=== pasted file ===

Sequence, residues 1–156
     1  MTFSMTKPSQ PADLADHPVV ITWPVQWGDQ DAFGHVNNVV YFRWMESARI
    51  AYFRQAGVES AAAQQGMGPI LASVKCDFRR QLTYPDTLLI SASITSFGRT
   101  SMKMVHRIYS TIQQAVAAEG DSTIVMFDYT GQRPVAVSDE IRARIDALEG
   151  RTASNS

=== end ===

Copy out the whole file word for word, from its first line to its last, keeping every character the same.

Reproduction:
Sequence, residues 1–156
     1  MTFSMTKPSQ PADLADHPVV ITWPVQWGDQ DAFGHVNNVV YFRWMESARI
    51  AYFRQAGVES AAAQQGMGPI LASVKCDFRR QLTYPDTLLI SASITSFGRT
   101  SMKMVHRIYS TIQQAVAAEG DSTIVMFDYT GQRPVAVSDE IRARIDALEG
   151  RTASNS